Also for example, consider the non-limiting exemplary configuration discussed previously, where the voltage detector module 110 is adapted to identify one of five voltage regions to which a feedback signal corresponds. In such an exemplary configuration, for a feedback signal corresponding to the first voltage region, the loop modulator module 130 may be adapted to generate at least one voltage control signal adapted to cause the voltage controlled power module 150 to reduce the output voltage (e.g., the output DC voltage) relatively rapidly. Also, for a feedback signal corresponding to the second voltage region, the loop modulator module 130 may be adapted to generate at least one voltage control signal adapted to cause the voltage controlled power module 150 to reduce the output voltage relatively slowly. Additionally, for a feedback signal corresponding to the third voltage region, the loop modulator module 130 may be adapted to generate at least one voltage control signal adapted to cause the voltage controlled power module 150 to increase the output voltage relatively rapidly. Further, for a feedback signal corresponding to the fourth voltage region, the loop modulator module 130 may be adapted to generate at least one voltage control signal adapted to cause the voltage controlled power module 150 to increase the output voltage relatively slowly. Still further, for a feedback signal corresponding to the fifth voltage region, the loop modulator module 130 may be adapted to generate at least one voltage control signal adapted to cause the voltage controlled power module 150 to maintain the present output voltage (e.g., the present output DC voltage).

The loop modulator module 130 may be adapted to generate at least one voltage control signal in any of a variety of manners. For example and without limitation, the loop modulator module 130 may comprise digital switching circuitry (e.g., without any active analog circuitry) adapted to drive transistor circuitry, which in turn, outputs one or more voltage control signals based upon the state of the digital switching circuitry. In such an exemplary configuration, the transistor circuitry may, for example, output a digital voltage control signal, the transistor circuitry may utilize internal capacitance and/or resistance to generate an analog voltage control signal, or the transistor circuitry may drive various passive components (e.g., configured in an RC network) to generate an analog voltage control signal. Various non-limiting exemplary configurations will be presented later in FIGS. 2-5.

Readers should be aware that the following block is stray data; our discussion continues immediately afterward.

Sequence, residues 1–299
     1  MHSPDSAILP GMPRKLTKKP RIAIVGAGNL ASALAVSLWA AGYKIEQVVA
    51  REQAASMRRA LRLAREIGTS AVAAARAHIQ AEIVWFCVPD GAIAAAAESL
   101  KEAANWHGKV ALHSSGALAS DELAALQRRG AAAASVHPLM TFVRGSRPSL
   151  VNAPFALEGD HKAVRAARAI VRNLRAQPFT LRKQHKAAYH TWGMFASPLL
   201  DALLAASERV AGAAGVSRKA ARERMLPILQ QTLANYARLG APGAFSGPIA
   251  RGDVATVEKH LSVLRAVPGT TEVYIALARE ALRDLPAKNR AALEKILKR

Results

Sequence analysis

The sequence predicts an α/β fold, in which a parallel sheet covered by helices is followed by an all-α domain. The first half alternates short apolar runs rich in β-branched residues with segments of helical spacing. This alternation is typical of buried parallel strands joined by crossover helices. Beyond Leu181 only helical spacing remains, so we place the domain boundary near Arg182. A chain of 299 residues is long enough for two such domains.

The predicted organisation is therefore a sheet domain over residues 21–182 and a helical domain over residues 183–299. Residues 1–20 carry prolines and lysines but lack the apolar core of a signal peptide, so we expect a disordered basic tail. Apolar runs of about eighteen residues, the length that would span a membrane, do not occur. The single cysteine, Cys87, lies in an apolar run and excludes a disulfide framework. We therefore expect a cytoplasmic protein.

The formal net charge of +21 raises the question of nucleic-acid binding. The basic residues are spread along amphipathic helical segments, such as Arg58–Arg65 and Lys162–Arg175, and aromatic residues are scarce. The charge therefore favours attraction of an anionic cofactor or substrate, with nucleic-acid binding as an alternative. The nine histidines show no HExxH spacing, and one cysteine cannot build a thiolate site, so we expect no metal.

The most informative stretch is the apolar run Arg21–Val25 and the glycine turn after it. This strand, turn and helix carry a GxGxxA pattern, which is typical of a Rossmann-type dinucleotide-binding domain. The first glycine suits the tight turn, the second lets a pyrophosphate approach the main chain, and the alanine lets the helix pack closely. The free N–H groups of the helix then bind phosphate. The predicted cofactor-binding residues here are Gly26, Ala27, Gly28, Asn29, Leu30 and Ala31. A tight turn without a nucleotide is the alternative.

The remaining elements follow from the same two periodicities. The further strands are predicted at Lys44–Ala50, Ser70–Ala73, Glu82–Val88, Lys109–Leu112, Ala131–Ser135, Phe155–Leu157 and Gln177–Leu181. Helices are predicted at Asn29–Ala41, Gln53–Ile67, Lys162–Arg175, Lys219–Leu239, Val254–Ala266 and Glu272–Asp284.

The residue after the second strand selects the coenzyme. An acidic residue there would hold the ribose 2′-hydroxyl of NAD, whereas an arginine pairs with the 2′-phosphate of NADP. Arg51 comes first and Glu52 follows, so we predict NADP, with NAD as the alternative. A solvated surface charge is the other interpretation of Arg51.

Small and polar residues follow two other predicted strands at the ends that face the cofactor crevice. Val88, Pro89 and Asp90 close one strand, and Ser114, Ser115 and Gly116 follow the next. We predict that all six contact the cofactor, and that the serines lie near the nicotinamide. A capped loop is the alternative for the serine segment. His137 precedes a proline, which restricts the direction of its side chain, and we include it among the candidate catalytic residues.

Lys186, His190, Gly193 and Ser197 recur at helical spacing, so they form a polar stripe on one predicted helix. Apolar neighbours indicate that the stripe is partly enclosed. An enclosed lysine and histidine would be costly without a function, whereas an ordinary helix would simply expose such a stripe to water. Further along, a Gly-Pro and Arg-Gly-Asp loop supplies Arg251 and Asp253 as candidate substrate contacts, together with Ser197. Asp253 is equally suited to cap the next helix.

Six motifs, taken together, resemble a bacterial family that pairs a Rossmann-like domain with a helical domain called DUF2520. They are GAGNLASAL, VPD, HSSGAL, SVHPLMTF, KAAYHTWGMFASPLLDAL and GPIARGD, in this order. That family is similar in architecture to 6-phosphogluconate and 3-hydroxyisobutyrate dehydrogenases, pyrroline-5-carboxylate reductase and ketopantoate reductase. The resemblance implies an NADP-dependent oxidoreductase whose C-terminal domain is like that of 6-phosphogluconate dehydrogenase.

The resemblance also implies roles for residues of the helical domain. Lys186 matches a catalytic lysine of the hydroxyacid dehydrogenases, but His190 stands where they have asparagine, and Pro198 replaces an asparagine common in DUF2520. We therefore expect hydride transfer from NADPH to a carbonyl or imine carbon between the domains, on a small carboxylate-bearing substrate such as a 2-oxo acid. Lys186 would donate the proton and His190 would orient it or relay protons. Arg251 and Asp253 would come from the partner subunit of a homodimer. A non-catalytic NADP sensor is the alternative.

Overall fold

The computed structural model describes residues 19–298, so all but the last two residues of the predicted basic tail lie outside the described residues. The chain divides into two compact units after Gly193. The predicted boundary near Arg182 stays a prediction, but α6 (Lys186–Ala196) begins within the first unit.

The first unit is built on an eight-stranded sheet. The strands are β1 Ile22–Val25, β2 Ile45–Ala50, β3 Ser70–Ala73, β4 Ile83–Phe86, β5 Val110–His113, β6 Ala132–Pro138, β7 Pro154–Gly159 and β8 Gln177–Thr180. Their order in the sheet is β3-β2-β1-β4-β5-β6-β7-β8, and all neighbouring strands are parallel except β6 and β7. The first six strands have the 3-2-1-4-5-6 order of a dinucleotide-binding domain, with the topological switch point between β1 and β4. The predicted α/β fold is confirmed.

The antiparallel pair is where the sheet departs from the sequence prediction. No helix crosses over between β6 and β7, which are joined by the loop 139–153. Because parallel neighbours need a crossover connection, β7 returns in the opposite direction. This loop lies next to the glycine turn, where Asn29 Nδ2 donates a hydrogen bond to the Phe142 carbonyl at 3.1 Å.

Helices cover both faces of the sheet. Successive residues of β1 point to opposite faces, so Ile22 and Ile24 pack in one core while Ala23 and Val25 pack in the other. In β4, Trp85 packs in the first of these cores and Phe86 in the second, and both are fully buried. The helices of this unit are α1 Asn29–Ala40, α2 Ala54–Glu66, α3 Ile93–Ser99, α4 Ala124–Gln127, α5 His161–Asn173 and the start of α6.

The feedback module 170 may generally be adapted to communicate a signal indicative of the output voltage (e.g., output from the first module 105) to the second module 107 (e.g., the voltage detector module 110). The feedback module 170 may comprise any of a variety of circuit configurations. For example and without limitation, in a first exemplary configuration, the feedback module 170 might comprise a conductive path between the output voltage (e.g., output DC voltage) and the voltage detector 110. In a second exemplary configuration, the feedback module 170 may comprise a voltage divider or other voltage-scaling circuit, which converts the output voltage (e.g., output DC voltage) to a desired scale. In a third exemplary configuration, the feedback module 170 may comprise analog-to-digital circuitry that converts the output voltage (e.g., output DC voltage) to a digital representation.

The exemplary system 100 was presented to provide a non-limiting illustration of various aspects of the present invention. Accordingly, the scope of various aspects of the present invention should not be limited by particular characteristics of the exemplary system 100. The exemplary systems 200-500 illustrated in FIGS. 2-5 will now be presented to further illustrate various aspects of the present invention.

FIG. 2 is a diagram showing a second non-limiting exemplary system 200 for providing output voltage control in a low-dropout (“LDO”) power supply circuit, in accordance with various aspects of the present invention. The exemplary system 200 may, for example and without limitation, share any or all characteristics with the exemplary system 100 discussed previously.